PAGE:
Study reveals economic impact related to specimen complications in prostate biopsies

Specimen provenance complications (SPCs) attributed to economic burden

The Journal of Urology included a study focused on the economic impact of specimen provenance complications (SPCs) related to prostate biopsy procedures and diagnosis. The data set revealed that on average 1 of every 200 prostate biopsy patients is misdiagnosed due to their biopsy specimens being switched with or contaminated by those of another patient. In addition to the life-changing afflictions of false-negative and false-positive patients, the study reports an estimated $880 million wasted annually on unnecessary healthcare and medical-legal expenditures related to the mix-ups.

An important note are the millions of additional biopsies that are performed each year to diagnose breast, colon, lung, and other cancers that are not included in this study, all of which encompass a similar workflow as prostate specimens.

Journal of Urology Study
The full study titled The Clinical and Economic Implications of Specimen Provenance Complications in Diagnostic Prostate Biopsies appeared in the April edition of the Journal of Urology, and can be accessed online at

Summary of Abstract


More than 1 in every 200 prostate biopsy patients is misdiagnosed due to undetected specimen provenance complications. Inaccurate diagnoses of prostate cancer can result from transposition or contamination of patients’ biopsy specimens, known, as Type I and Type II specimen provenance complications (SPCs), respectively. False diagnoses due to SPCs often result in adverse clinical and economic consequences associated with unnecessary and/or delayed treatment. This is the first study seeking to quantify the societal economic and clinical implications of SPCs among prostate biopsies in the United States.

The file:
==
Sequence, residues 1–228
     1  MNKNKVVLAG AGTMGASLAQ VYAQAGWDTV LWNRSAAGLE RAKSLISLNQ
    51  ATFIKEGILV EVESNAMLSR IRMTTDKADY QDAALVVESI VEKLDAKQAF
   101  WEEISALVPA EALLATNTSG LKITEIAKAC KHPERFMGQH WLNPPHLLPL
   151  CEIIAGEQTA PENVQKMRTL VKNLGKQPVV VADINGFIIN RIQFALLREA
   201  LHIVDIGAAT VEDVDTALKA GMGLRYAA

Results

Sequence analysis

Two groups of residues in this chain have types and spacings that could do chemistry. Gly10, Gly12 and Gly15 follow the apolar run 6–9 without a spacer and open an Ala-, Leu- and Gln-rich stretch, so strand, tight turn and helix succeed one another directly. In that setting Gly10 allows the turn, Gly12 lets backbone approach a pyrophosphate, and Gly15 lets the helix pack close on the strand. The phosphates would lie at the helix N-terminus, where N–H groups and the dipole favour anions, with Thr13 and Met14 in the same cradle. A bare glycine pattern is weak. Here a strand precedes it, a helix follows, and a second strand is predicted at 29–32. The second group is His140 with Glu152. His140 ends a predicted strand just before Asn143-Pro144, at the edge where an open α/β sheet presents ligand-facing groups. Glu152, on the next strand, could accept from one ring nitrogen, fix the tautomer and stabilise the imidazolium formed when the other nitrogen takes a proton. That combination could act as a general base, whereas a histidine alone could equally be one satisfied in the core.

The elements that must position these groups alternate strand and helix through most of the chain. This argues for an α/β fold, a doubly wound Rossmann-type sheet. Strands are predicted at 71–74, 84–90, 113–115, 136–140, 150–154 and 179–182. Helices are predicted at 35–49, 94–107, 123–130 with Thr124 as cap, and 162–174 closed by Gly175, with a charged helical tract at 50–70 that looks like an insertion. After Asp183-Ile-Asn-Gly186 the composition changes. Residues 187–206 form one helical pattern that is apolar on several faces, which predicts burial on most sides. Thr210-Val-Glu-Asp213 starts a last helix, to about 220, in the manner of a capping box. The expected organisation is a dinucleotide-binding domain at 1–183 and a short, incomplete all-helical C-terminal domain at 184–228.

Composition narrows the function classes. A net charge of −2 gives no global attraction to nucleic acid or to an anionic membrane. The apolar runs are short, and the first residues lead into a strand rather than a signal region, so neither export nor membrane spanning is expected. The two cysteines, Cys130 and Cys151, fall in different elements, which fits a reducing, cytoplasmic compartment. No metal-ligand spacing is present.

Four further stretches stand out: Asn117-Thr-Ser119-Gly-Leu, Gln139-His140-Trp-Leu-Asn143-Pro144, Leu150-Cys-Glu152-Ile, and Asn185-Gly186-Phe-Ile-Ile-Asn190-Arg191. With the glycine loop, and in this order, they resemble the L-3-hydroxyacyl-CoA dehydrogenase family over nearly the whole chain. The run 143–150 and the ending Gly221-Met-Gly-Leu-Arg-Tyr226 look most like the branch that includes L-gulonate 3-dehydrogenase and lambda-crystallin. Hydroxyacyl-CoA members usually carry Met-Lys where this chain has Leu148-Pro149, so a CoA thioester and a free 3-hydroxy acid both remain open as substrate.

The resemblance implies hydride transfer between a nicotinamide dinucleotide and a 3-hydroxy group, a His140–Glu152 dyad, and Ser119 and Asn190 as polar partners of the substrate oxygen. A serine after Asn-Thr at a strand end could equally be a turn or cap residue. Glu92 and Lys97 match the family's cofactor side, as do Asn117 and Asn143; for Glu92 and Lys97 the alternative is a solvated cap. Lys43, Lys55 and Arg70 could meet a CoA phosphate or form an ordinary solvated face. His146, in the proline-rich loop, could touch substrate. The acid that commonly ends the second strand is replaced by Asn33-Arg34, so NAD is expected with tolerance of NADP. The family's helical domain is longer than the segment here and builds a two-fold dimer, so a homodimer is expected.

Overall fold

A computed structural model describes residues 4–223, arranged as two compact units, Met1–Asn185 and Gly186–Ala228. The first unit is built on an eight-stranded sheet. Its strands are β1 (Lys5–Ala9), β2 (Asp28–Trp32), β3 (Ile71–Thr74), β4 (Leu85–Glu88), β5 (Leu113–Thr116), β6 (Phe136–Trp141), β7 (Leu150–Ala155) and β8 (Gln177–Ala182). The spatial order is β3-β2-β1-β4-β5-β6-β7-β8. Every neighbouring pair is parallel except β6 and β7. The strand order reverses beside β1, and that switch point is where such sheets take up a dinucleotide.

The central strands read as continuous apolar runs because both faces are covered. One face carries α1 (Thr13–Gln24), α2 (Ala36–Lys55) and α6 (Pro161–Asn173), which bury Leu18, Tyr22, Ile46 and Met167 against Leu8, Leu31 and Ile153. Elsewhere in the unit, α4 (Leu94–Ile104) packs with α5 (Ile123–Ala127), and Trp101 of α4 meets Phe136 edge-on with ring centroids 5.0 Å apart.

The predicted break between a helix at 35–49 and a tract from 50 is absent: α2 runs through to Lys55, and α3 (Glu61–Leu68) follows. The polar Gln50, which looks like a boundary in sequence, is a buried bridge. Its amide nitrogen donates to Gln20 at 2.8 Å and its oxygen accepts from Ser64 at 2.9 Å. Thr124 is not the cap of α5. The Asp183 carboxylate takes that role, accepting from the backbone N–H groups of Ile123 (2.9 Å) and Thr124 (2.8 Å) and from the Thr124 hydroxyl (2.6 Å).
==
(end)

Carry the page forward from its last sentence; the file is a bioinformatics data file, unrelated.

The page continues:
A comprehensive, systematic review of the published literature was performed to approximate the effect of SPCs on direct medical costs, patients’ quality-adjusted life years (QALYs), and medico-legal costs (MLCs). Data were extracted from published studies on SPC rates, prostate cancer treatment distribution, efficacy, and costs, patient quality of life at various states of treatment disutility, and litigation/settlement costs following false diagnosis of prostate biopsies.

The authors performed a combinatorial analysis to estimate the total number of SPCs expected among an annual cohort of prostate biopsy patients, and the subset of those SPCs which are likely to be clinically meaningful. Factors considered included previously reported data relating to clinical setting distribution, SPC rates by setting, and distribution of positive vs negative histopathology results. SPC’s likely to be observed as visible “floaters” within the standard histopathology workflow were further excluded from the clinically meaningful subset.


These analyses estimate that 0.46% of all prostate biopsies are subject to clinically meaningful transpositions (Type I errors); 0.27% resulting in false-positive, and 0.20% in false-negative misdiagnoses. An additional 0.11% of biopsies result in false-positive misdiagnosis due to undetected contamination (Type II errors). In total, SPCs can be expected to lead to misdiagnosis and significant patient harm in at least 0.57% of all prostate biopsies, or 1.13 in every 200 patients.

Among an estimated 806,251 primary and secondary prostate biopsies performed annually in the United States, 20,322 (2.52%) are projected to involve SPCs, resulting in 4,570 (0.57%) clinically meaningful false diagnoses. The total burden of SPCs was projected to exceed $879.9 million, or $3,776 per positive cancer diagnosis, comprised as follows:

Wasted direct medical treatment costs: $145.8 million ($626 per diagnosis)

Net monetized cost of 634 QALYs lost: $39.3 million ($169 per diagnosis)

Medical legal expenditures: $694.8 million ($2,981 per diagnosis)


The societal economic burden of SPCs in the case of diagnostic prostate biopsy alone was estimated to be $879.9 million annually, and is likely to be similarly large in other disease states. Furthermore, as molecular diagnostics increasingly become a component of differential diagnosis and therapy selection in the era of precision medicine, the compounding impact of SPCs perpetuated from histopathology to molecular pathology cannot be ignored. These findings may be useful as policy-makers, health organizations, and researchers seek approaches to reduce medical errors and waste resulting from false diagnoses.


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